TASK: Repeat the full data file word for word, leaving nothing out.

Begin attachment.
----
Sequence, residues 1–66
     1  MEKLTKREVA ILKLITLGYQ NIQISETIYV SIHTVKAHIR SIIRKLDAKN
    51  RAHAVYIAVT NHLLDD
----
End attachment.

Sequence, residues 1–66
     1  MEKLTKREVA ILKLITLGYQ NIQISETIYV SIHTVKAHIR SIIRKLDAKN
    51  RAHAVYIAVT NHLLDD